Lines and Colors art blog

I wanted to recommend this site to you because of its terrible navigation system (he said, grinning).

If you actually want to find something, like a simple “About Us” or “Press” page, the navigation on tokyoplastic is abysmal. If, on the other hand, you want to be amused and delighted by series of clever and superbly executed animations, that selfsame navigation is a treat.

On the “this is no way to navigate a web site” downside, you have to hunt around to find the site entrance (a graphic of some Japanese characters below a tiny gray “enter tokyoplastic”, on a home page with too many things on it), which opens the site proper in a popup. Within that you have to guess about enigmatic navigation choices (“Do I click on something? Are there words here somewhere?”) and work your way through an animation series just to get to the actual navigation choices. Then you have to guess again where to rollover and click on the main navigation image (a big tentacled plant/animal/monster thingie) and guess yet again about enigmatic section names like “workshop”, “factory” and “drummachine”, which are meaningless until you’ve actually gone to those sections at least once to see what the term means. Once you select one of those you have to wait through another animated sequence, which will often pause mid-sequence and require user input to continue, before actually reaching a site section, which is again likely to be enigmatic in content. There’s no way to navigate through this site without having looked around already.

But, of course, looking around is what the tokyoplastic site is all about. tokyoplastic is the site of a UK animation studio that does stylized, cartoonlike, elegant and superfluid CGI/Flash animation. (You can find out more on the Picasso Pictures site.) If you’re wandering around the tokyoplastic site, checking things out instead of actually trying to find something, they will tickle you brain and optic nerve with wonderfully silly, imaginative and amusing animated sequences. You may want to turn off iTunes long enough to listen to their excellent use of sound (particularly drum sounds), beautifully integrated with the animated sequences.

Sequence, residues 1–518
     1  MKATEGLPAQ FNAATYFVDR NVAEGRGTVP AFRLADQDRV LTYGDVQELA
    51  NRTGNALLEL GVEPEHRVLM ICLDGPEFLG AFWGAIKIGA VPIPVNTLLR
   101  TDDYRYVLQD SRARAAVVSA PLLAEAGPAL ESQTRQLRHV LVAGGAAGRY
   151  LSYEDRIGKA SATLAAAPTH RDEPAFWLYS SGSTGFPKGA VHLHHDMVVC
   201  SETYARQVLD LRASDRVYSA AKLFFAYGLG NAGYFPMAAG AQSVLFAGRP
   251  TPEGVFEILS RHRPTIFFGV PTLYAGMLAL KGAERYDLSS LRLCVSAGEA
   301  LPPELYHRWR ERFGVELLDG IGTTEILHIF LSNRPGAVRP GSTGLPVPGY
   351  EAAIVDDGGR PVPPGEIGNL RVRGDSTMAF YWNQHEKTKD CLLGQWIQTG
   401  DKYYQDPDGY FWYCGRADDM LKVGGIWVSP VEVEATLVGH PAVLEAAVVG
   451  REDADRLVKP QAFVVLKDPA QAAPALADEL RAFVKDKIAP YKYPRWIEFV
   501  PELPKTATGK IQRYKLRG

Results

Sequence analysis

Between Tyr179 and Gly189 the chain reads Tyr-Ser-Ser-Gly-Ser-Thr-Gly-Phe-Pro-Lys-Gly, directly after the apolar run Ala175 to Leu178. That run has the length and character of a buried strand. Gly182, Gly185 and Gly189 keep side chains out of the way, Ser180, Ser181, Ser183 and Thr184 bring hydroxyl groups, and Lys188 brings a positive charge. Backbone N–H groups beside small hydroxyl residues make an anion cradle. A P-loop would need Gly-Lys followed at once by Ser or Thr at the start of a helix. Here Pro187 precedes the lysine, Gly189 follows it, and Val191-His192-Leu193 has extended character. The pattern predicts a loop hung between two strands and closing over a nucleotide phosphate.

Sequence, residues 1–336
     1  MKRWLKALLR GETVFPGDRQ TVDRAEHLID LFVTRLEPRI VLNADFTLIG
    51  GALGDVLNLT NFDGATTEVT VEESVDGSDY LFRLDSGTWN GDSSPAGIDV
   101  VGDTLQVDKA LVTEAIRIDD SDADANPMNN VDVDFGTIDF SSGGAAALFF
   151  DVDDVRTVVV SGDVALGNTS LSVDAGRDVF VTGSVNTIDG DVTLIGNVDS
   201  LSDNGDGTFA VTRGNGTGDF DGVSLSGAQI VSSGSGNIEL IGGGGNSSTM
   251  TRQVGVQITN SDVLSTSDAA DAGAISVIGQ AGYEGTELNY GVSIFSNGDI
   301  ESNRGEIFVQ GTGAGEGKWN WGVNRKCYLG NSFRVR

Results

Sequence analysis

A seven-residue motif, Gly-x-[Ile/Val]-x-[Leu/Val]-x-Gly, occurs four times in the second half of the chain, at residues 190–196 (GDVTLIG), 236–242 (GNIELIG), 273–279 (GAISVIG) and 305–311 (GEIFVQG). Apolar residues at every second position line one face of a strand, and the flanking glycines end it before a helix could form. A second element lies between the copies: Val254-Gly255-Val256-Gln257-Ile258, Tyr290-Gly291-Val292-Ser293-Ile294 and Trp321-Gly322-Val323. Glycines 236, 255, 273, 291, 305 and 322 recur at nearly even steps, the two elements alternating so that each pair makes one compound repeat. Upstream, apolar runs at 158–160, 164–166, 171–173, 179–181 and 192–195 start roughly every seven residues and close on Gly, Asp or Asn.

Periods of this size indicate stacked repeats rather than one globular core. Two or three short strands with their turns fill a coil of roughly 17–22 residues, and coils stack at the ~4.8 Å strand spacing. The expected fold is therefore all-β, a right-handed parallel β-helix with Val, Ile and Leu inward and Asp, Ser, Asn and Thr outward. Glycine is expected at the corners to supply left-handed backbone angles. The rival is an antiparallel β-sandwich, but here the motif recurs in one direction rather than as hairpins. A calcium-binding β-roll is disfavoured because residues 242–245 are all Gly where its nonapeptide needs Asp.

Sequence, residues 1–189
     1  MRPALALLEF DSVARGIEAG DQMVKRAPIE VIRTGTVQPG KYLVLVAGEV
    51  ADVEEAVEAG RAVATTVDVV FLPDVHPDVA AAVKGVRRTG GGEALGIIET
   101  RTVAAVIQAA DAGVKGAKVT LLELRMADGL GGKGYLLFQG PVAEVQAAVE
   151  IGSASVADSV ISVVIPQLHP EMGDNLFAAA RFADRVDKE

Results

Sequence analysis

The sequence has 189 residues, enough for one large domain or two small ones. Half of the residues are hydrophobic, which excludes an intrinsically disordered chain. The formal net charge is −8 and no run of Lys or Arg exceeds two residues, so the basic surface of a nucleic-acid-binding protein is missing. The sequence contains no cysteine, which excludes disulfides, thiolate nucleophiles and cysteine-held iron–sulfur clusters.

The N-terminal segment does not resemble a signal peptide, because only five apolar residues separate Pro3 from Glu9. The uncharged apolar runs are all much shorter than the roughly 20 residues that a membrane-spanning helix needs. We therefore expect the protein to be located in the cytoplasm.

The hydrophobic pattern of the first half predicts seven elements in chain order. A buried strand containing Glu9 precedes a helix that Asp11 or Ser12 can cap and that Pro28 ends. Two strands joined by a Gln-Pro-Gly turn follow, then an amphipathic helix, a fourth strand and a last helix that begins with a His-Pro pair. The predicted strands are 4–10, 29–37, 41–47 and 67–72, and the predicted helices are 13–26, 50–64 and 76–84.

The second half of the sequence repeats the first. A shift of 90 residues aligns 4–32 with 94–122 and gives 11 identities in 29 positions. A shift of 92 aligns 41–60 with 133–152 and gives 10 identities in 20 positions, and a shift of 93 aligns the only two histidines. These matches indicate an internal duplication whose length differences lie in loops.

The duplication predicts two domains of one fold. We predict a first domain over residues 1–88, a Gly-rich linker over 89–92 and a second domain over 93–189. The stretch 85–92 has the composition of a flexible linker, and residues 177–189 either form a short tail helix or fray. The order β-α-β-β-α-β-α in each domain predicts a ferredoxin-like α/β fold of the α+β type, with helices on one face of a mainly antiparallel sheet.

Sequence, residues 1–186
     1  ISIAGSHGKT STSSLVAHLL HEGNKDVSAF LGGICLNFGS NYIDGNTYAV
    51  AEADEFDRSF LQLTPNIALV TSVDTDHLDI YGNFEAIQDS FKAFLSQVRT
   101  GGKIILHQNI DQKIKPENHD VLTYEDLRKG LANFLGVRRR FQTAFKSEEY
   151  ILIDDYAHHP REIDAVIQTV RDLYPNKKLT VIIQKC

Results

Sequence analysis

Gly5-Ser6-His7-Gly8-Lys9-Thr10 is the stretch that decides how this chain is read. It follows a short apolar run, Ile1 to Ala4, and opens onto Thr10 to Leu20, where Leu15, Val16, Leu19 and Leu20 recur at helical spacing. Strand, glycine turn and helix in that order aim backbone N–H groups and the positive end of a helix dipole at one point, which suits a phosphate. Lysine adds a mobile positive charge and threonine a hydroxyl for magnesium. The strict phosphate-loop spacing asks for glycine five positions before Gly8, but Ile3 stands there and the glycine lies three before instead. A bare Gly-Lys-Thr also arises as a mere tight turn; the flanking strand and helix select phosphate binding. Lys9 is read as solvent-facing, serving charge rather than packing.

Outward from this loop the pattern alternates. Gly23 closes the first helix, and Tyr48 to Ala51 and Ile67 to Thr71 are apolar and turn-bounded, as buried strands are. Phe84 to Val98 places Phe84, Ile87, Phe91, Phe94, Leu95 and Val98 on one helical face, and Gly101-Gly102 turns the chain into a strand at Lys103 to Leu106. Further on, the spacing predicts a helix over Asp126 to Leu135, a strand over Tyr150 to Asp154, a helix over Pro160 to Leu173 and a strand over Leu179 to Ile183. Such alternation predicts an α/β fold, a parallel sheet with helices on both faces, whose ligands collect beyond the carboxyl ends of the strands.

In the “workshop” section (upper left “flytrap” on the plant/animal/monster thingie), you’ll find some examples of their work for clients like MTV and Mitsubishi. The “drummachine” section features that wonderful use of sounds, and you’ll be rewarded with other fun items as you explore. Back on the home page (under the pop-up, remember?), the image of the er,.. dog thingie, is linked to a recently added animation that pops up in a separate window. There is also a newsbox on the home page in a small scrolling inline frame.

Oh, yes, the About Us and Press sections do exist, they’re accessed by clicking on the flower labeled “bits and pieces” (lower right tentacle of the plant/animal/monster thingie), which also gives you access to a bunch of other sections including the whole of their previous web site with lots of other animations.